Saturday, July 10, 2010

Book Review on Meltdown Iceland

Meltdown Iceland: Lessons On The World Financial Crisis From A Small Bankrupt Island

Roger Boyes

Bloomsbury US, 2009

256 pages, $31.00, Hardcover

During the 1990s and 2000s, Iceland had a group—quite small, about 30 altogether—of political and economic elitists; who were influenced by the free market ideology of Milton Friedman, President R. Reagan and Prime Minister Margaret Thatcher. These Icelandic politicians and business entrepreneurs were a new breed of people; abandoning traditional Scandinavian values for avarice and the premise that they could compete and win economically in the world markets.

These elitist Icelanders did everything within their powers to become numbered among the world’s rich and famous. They were frequent flyers to New York or London for dinner or a day’s shopping in the most expensive restaurants and shops of the world. They rented posh hotel rooms or purchased trendy flats in New York, London, Copenhagen and elsewhere.

In contrast to most Icelanders; who were content to live a modest lifestyle by often combining fishing with farming or small businesses; the new breed of Icelanders came up with creative ways and schemes to invest their money through their national banks, which they had privatised. The problem was that they spent more than they earned. Yet, living in denial of the financial crisis of Iceland and the larger world; the new breed of Icelanders kept on taking risks with their investments and racking up even more debts.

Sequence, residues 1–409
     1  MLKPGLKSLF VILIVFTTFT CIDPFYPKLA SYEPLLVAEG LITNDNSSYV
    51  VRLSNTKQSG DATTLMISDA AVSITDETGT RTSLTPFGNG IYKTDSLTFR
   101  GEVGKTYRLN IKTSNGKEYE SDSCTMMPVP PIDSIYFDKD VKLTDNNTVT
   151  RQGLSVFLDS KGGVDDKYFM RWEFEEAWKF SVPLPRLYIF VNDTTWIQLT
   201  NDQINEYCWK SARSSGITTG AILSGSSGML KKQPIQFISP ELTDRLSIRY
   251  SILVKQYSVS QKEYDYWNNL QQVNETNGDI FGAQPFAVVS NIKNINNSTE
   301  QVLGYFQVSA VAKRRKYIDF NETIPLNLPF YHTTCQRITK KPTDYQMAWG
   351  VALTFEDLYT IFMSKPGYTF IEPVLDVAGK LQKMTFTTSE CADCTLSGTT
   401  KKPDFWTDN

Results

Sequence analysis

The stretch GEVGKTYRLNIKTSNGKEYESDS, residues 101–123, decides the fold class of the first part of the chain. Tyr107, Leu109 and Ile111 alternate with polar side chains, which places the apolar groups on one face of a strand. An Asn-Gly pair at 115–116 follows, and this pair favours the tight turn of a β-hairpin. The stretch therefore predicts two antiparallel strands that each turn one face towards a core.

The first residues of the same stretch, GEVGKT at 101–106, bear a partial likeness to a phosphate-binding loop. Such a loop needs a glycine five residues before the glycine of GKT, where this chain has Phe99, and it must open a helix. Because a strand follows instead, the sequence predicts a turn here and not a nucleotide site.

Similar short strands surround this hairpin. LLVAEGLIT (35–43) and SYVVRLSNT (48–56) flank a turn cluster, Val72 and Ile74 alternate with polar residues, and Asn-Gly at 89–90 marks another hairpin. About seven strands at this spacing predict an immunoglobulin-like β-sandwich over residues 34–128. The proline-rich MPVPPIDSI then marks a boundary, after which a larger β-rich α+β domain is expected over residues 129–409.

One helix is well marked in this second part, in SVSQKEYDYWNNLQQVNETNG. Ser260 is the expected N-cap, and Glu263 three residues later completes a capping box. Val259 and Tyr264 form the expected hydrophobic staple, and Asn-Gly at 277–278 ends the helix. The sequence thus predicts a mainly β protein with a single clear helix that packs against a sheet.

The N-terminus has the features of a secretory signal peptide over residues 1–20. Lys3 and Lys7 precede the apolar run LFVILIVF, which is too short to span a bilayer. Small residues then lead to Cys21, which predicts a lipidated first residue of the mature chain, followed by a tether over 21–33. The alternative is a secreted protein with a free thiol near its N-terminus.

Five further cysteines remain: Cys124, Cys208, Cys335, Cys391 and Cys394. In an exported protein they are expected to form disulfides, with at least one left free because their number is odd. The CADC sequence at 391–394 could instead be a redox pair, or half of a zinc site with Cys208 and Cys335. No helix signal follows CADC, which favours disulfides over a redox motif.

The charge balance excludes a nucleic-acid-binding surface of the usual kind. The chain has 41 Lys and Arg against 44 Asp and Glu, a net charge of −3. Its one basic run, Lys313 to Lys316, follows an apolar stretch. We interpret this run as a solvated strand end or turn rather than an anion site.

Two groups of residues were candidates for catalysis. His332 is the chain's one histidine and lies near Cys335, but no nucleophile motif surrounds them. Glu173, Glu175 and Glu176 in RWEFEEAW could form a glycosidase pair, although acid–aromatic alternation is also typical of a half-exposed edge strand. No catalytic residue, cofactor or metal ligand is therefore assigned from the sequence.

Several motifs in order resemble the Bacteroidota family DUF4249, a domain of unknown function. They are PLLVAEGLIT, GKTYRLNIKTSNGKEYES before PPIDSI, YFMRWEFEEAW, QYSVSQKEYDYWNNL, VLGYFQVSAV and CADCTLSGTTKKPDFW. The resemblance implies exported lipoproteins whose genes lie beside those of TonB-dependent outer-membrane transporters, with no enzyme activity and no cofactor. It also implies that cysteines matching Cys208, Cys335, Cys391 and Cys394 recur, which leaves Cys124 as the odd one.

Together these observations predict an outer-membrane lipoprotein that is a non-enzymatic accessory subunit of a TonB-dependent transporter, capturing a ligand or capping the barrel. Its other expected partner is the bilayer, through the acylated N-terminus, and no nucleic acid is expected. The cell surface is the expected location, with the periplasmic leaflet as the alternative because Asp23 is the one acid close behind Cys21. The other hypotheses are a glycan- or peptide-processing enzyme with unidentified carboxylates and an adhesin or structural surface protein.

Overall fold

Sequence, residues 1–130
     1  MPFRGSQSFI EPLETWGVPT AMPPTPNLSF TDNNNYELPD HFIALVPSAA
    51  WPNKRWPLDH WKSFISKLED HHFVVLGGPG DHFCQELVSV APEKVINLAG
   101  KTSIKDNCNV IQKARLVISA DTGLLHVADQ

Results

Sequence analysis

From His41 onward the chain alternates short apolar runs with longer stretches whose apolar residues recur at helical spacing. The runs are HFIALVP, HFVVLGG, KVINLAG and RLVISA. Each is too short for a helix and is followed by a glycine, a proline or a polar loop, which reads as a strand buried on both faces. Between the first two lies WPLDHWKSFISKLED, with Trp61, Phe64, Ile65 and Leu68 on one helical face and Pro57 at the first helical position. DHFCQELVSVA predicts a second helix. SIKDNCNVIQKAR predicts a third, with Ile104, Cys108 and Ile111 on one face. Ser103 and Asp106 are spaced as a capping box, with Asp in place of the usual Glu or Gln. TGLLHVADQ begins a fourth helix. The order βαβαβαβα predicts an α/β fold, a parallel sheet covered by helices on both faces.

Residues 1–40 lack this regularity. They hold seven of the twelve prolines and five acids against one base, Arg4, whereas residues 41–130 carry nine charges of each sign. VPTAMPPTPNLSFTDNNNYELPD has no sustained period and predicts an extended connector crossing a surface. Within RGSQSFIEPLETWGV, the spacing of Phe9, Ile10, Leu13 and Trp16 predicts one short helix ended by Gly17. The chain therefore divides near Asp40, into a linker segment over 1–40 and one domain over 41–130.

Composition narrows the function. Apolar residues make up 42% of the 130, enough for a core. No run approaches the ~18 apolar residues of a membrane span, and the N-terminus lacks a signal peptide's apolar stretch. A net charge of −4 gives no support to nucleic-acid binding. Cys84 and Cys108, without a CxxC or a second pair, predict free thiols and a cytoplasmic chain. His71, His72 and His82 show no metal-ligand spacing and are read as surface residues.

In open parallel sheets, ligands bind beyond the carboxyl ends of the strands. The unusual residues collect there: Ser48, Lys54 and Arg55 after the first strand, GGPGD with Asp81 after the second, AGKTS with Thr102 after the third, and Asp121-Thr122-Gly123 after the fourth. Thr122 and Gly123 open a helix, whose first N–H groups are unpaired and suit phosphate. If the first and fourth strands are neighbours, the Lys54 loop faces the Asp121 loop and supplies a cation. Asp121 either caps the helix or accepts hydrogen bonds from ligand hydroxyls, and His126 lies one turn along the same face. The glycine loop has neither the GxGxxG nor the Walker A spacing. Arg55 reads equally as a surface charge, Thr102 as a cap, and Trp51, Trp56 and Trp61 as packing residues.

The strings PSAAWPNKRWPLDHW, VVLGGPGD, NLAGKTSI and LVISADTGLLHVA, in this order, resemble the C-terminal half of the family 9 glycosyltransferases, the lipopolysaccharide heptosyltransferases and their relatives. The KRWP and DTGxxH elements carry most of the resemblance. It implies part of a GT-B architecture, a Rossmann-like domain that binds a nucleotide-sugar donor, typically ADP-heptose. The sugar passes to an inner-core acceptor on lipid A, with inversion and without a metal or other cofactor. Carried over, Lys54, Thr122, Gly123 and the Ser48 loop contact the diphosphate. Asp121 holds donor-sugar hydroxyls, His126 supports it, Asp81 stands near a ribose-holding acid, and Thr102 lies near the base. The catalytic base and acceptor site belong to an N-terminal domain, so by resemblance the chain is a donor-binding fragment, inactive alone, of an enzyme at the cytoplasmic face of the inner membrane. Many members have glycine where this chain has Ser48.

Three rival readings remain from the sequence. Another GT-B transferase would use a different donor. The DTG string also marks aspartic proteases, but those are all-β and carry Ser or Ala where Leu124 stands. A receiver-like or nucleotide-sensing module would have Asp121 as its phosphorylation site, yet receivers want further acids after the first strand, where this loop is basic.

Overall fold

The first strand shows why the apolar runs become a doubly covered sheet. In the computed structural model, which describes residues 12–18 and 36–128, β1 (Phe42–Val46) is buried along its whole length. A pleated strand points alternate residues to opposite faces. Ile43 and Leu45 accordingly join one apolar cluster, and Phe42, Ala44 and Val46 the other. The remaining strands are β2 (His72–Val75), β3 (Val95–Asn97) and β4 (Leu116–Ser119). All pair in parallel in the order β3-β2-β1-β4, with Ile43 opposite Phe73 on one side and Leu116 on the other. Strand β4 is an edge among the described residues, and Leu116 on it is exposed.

The end result of Iceland’s free market, right-wing economics and politics was that their nation went bankrupt. Now Iceland is forced to its knees and has to receive loans with conditions from the International Monetary Fund. Consequently, the burden of debt for every Icelandic household is astronomical—likely; it is estimated, requiring three generations to pay it off. If life for the younger generations becomes too hopeless; many of them may seek better opportunities by immigrating to other countries.

As payment for their debt; some foreign governments who invested in Iceland are making the case for their right to have access to Iceland’s natural resources—primarily water and geothermal energy. Iceland views this as a threat to their national sovereignty. It seems the future of Iceland remains rather uncertain—will they be able to retain their national sovereignty or are they destined to be a satellite province of one or more of the other Scandinavian countries?

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